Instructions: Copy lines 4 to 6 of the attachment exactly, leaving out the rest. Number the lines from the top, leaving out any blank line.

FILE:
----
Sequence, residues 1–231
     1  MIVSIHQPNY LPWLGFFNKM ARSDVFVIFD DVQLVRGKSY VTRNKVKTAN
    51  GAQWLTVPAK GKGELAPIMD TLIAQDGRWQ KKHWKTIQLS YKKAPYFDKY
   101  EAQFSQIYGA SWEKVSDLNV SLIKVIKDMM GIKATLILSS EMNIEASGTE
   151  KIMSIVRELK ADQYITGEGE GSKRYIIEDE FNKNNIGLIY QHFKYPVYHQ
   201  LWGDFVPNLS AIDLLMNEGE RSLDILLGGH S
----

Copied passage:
   101  EAQFSQIYGA SWEKVSDLNV SLIKVIKDMM GIKATLILSS EMNIEASGTE
   151  KIMSIVRELK ADQYITGEGE GSKRYIIEDE FNKNNIGLIY QHFKYPVYHQ
   201  LWGDFVPNLS AIDLLMNEGE RSLDILLGGH S